Wednesday, April 27, 2011

Practicum #5 - Jeff

Tonight I wanted to write about Tom Clancy's Endwar, which is a strategy game on Xbox LIVE that uses a unique voice-based control scheme and is supposed to have a very interesting multiplayer set up where players choose a nation and participate in a persistent war on a global scale. The problem is that for the last few days, every time I try to enter the multiplayer mode I get a message telling me the servers are down. I'll have to report on Endwar next time, assuming it comes back up.

The last week has been very interesting for networked console gaming. The PlayStation Network, which is probably the biggest competitor to the Xbox LIVE service, has been shut down for just over a week now as the result of a breech in security. According to the news, Sony has notified some 77 million users that their identity may have been stolen, including names, addresses, email addresses, credit card numbers and even birthdays. So far the incident doesn't seem to have had an effect on the Xbox LIVE service, but I think some restructuring of both platforms should be expected as part of the aftermath.

I also think I'll talk a little about a Nintendo's console networks. I can remember linked console gaming as far back as the days of the Gameboy, when kids at school used to use a physical cable to connect two systems and trade Pokemon, or something (I actually never got into Pokemon). Nintendo also experimented with putting their second-latest generation system, the Gamecube, online with titles such as Phantasy Star Online, although a special modem had to be purchased separately. Titles were later published for the Gamecube that supported cross platform networking. For example, The Legend of Zelda: Wind Waker gave players the option to plug a Gameboy Advance into one of the control sockets to unlock extra features. The Nintendo DS handheld supported linked play with strangers over wireless connections via the internet or local area wi-fi connections. The Wii supports titles which can be played online in the same way as if on the PlayStation Network or Xbox LIVE. The Wii also offers an integrated web browser, can access youtube and netflix, has features like news and weather slideshows, and you can even download retro games from older generations.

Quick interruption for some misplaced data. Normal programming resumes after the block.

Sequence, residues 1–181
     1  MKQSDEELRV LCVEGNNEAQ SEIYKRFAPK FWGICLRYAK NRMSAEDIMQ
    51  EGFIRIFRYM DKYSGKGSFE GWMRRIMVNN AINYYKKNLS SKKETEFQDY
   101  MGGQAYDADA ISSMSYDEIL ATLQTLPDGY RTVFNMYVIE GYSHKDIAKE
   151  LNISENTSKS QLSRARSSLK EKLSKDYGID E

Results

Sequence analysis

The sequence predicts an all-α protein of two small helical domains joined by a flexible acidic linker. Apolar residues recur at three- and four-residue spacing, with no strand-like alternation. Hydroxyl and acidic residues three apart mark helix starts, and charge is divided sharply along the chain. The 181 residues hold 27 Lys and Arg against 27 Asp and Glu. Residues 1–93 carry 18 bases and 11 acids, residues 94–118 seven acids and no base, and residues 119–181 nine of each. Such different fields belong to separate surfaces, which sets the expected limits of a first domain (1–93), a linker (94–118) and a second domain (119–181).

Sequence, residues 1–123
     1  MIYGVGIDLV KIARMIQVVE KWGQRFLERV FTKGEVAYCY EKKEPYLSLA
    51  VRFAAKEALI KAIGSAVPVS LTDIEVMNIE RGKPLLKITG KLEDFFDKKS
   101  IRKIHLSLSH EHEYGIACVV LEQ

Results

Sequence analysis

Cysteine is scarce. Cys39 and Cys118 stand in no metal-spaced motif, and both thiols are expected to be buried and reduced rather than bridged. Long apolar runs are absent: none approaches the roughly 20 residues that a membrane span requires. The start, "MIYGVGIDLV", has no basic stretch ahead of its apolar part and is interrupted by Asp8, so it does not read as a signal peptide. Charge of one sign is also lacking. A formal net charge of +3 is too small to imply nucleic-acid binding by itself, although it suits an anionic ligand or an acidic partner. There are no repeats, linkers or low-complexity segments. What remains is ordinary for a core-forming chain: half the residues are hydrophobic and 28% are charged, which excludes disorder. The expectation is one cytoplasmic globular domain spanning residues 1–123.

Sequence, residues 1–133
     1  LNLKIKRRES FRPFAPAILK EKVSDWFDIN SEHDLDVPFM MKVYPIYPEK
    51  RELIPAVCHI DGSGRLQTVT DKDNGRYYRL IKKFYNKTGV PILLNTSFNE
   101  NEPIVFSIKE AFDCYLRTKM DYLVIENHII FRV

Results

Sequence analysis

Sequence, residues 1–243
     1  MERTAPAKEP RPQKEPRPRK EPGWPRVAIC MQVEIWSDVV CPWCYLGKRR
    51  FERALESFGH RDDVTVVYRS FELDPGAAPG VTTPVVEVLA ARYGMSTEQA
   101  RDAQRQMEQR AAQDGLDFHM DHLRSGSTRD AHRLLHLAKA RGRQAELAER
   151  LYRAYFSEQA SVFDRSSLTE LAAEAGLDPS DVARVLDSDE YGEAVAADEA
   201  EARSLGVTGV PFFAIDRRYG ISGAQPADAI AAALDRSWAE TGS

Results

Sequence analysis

1 comment:

  1. I’m really quite surprised that Playstation’s network was able to be hacked into by someone. That will certainly not help them make up any ground in the ongoing Xbox vs. Playstation debate. I, personally, have been a proud member of team Xbox since it’s inception and have enjoyed a generally problem-free online experience with them (other than a few annoying problems with connections back when it first started out). I remember having debates about which console was better with many friends, and I often cited Xbox’s superior online capabilities. Apparently they’ve continued to be one step above Playstation in regards to online functionality. That could be a huge blow to Playstation, as if I was one of the 77 million users who might have had their identity stolen, I would surely look to switch over to a different console. As for Nintendo, I’m surprised they didn’t try to beef up Wii’s online play and advertise for it more, as I’d think they’d be able to capitalize on being one of the first mainstream gestural interfaces out and with online capabilities. I absolutely remember linking up my Gameboy with friends at school and battling in Pokemon! We’ve sure come a long way since then. I think someday soon, most wired devices will be rendered obsolete altogether. Only time will tell.